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Science Drive and Towerview Road, Box 90362
Durham, NC 27708-0362
p. 919-613-7020
f. 919-613-7257
w. <IT>admissions.law.duke.edu<RO>

Duke University School of Law

Duke University School of Law Rating: 3.5/5 (4 votes)

Academics

In addition to the J.D., the law school offers the LL.M. and S.J.D. Students may take relevant courses in other programs and apply credit toward the J.D.; a maximum of 3 credits may be applied. The following joint degrees may be earned: J.D./LL.M. (Juris Doctor/Master of Laws in comparative and international law), J.D./M.A. (Juris Doctor/Master of Arts in cultural anthropology and English), J.D./M.B.A. (Juris Doctor/Master of Business Administration), J.D./M.D. (Juris Doctor/Doctor of Medicine), J.D./M.E.M. (Juris Doctor/Master of Environmental Management), J.D./M.P.P. (Juris Doctor/Master of Public Policy), J.D./M.S. (Juris Doctor/Master of Science in mechanical engineering), J.D./M.T.S. (Juris Doctor/Master of Theological Studies), and J.D./Ph.D. (Juris Doctor/Doctor of Philosophy in political science).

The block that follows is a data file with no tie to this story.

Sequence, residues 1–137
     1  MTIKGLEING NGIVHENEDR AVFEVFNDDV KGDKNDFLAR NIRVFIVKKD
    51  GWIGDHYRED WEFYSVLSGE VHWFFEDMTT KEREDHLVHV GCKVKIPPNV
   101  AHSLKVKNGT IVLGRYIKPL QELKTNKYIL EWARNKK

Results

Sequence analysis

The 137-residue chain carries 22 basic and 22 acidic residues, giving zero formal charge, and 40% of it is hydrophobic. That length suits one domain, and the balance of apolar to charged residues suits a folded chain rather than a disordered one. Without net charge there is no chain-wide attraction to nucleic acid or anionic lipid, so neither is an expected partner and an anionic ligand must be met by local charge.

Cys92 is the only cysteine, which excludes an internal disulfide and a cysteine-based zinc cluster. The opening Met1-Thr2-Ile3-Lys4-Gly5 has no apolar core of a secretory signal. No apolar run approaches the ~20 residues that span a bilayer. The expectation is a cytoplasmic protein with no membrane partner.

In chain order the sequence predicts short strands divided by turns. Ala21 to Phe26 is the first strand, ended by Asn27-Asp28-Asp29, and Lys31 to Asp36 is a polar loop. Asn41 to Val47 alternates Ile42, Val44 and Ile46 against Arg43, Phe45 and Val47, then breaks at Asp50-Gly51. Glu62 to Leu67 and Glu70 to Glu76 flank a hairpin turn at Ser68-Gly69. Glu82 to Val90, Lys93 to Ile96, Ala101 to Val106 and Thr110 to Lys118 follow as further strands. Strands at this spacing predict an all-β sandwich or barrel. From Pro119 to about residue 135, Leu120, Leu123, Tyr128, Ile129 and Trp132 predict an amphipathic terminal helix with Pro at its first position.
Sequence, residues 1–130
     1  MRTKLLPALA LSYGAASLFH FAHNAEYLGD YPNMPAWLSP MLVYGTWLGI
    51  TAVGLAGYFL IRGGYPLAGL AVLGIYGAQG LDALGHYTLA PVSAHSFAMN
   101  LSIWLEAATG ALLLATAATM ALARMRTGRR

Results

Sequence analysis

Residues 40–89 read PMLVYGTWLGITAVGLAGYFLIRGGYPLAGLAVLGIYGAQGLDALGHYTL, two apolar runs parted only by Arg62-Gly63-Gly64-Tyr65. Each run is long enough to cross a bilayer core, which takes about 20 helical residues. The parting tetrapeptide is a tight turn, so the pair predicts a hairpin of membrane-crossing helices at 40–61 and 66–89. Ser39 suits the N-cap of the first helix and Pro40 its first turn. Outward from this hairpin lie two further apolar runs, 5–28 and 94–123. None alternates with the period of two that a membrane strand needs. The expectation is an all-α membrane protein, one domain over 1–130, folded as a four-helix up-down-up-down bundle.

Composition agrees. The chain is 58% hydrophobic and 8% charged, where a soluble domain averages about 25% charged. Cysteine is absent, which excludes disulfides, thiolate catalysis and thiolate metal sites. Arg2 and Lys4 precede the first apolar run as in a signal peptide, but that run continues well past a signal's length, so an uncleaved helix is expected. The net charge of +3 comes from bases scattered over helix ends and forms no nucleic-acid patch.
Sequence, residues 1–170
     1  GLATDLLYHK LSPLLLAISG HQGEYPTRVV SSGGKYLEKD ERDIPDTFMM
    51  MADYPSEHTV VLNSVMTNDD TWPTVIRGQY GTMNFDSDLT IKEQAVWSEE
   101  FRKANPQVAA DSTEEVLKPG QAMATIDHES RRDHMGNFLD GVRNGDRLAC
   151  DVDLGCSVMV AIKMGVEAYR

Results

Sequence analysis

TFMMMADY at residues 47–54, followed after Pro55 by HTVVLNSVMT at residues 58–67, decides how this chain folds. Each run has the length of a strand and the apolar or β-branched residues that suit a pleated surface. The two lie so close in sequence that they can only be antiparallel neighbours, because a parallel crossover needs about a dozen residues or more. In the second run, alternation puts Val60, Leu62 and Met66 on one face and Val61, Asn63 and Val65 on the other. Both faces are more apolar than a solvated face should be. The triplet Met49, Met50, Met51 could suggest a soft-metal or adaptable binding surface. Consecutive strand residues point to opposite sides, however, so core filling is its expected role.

The Duke University School of Law offers concentrations in include intellectual property, international law, national security law, environmental studies, and business. For students interested in structuring study in a particular field, the law school offers individual academic advising on coursework and progression study. In addition, there are six in-house legal clinics. The Guantanamo Defense Clinic assists the Chief Defense Counsel for Guantanamo detainees with trial preparation. In the AIDS Legal Assistance Project, students help clients with HIV/AIDS prepare wills, apply for government benefits, and handle other issues. The Children’s Education Law Clinic represents low-income children in special education, school discipline, and disability benefits cases. The Community Enterprise Law Clinic helps students develop transactional skills in a community development law setting. The Low-Income Tax Payer Clinic helps clients in disputes with the IRS. In Wrongful Convictions, students investigate prisoners’ claims of actual innocence, and in Animal Law, students investigate issues of animal cruelty and pursue animal-protection law reform advocacy. In each clinic, students provide between 75 and 100 hours of client work. Clinics are open to all upper-class students. Seminars are offered in Bioethics, Corporate Reorganization, Entertainment Law, National Security Law, and many others. The law school has an international externship program in which students earn credit for law placements at agencies such as the U.S. Trade Representative Office and the State Department. 3L students can develop a “capstone” project that integrates advanced knowledge in a particular subject with a hands-on practice component. Some capstone projects are extensions of successful clinic experiences; others include writing an appellate brief or preparing congressional testimony with a faculty member, or working with a law reform commission. A student may take up to 3 semester hours of independent research toward their J.D. degree. Rules vary for J.D./LL.M. and LL.M. students. All independent research taken for credit is completed in cooperation with faculty. The Pro Bono Project connects volunteer law students with attorneys in nonprofit and governmental organizations as well as with attorneys engaged in private pro bono practice. Lecture series include the Duke Law Journal Lecture, Intellectual Property “Hot Topics” Conference, Great Lives in the Law, Brainerd Currie Memorial Lecture, the Kip and Meredith Frye Lecture in Intellectual Property, Herbert L. Bernstein Memorial Lecture in International and Comparative Law, and the Rabbi Seymour Siegel Lecture in Medical-Legal Ethics. Study abroad is possible through the Summer Institutes in Transnational Law in Geneva or Hong Kong. This program is required of incoming J.D./LL.M. students, and is also open to J.D. students. Students may accrue up to 6 hours of academic credit. Remediation is provided when needed. Charting Courses is an annual event designed to foster interactive dialogue among Duke Law School’s African-American students, alumni, faculty, and administrators. All minorities are welcome to attend. Duke Law School has over 50 student organizations, with the majority having special interest programming. The most widely taken electives are Business Associations, Evidence, and Intellectual Property.